The FTC estimates that banning non-compete agreements will result in protection of the fundamental freedom of employees to change jobs, reduced health care costs, an increase in new businesses created each year, a rise in innovation with more patents each year, and higher employee wages. In sum, the FTC Chair Lina M. Khan indicated “the FTC’s final rule to ban noncompetes will ensure Americans have the freedom to pursue a new job, start a new business or bring a new idea to market.”

Alternatives to Non-Compete Agreements

The FTC found that employers have several alternatives to non-compete agreements that still enable companies to protect their investments without having to enforce a non-compete clause. Trade secret laws and non-disclosure agreements (NDA) both provide employers with well-established means to protect proprietary and other sensitive information. Please note that in the 560 pages of “Supplementary Information” accompanying the final rule, it is possible that NDA’s that are overbroad and “function to prevent” a worker from seeking or accepting other work or starting a new business after employment ends could be barred by the final rule, depending on the precise language of the agreements, and the surrounding facts and circumstances. Generally, generic non-solicitation clauses are not covered by the final rule.

The FTC also found that instead of using non-compete agreements to lock in workers, employers that wish to retain employees can compete on the merits for the employee’s labor services by improving wages and working conditions.

Employer Action Needed

Since the final rule is not yet effective and legal challenges abound, all future restrictive covenants should be narrowly drafted to protect legitimate business interests of the employer like trade secrets, confidential information, or customer good will. The restrictions should not be overly broad, and they must contain reasonable provisions in terms of duration, geography,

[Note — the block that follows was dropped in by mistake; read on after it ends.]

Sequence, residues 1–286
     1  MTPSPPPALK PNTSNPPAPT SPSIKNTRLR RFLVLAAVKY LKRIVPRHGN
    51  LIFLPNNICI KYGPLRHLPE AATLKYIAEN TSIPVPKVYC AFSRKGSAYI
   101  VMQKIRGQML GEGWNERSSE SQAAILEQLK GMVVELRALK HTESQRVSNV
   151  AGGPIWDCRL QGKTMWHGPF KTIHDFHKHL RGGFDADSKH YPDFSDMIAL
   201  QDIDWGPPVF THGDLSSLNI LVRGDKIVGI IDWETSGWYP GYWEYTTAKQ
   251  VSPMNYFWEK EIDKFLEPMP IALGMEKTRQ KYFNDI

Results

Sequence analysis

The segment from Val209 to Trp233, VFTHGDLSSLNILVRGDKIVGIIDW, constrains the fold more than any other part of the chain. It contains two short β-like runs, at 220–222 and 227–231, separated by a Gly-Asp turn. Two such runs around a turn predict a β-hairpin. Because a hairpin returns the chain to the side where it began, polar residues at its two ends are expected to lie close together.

and scope of activities prohibited. And agreements should contain severability provisions in case any provisions are found to be unlawful (which will leave other provisions intact). It is also not recommended that restrictive covenants not be used with lower-level employees unless there is a legitimate reason to do so.

Next Steps

The final rule will become effective 120 days after publication in the Federal Register. If the final rule is deemed “significant” due to its economic impact or important policy implications, the president will review it before being published in the Federal Register. Further, Congress and the Government Accountability Office will have an opportunity to review it before it takes effect. If both the House and Senate pass a resolution of disapproval and the president signs it, or it both houses override a presidential veto, the rule is void and cannot be reinstated in the same form without Congressional approval. It is anticipated that legal challenges to the final rule will occur as some have already started.

Turke & Steil is available to discuss the final rule and provide guidance on existing non­ competes or other restrictive covenants.